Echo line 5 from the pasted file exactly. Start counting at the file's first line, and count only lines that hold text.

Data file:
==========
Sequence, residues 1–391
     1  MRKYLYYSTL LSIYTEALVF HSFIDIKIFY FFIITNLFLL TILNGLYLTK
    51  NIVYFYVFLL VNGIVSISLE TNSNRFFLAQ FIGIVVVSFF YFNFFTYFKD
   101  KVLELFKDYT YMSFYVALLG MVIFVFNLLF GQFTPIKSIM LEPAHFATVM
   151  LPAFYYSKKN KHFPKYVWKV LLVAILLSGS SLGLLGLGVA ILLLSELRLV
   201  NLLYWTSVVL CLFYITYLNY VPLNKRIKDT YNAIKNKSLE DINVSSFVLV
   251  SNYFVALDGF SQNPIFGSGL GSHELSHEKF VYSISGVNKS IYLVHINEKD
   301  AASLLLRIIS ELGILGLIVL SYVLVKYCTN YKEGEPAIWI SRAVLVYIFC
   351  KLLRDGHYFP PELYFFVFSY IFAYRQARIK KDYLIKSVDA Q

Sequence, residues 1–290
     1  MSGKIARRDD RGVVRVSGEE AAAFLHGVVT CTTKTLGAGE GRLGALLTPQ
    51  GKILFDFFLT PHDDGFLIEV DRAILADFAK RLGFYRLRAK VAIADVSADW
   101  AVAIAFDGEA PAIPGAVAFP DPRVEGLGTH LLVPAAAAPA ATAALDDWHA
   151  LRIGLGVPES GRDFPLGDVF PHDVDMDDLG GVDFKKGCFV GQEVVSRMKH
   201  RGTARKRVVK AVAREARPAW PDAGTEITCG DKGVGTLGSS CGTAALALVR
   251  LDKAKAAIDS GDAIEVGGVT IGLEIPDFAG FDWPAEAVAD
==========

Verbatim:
   151  LPAFYYSKKN KHFPKYVWKV LLVAILLSGS SLGLLGLGVA ILLLSELRLV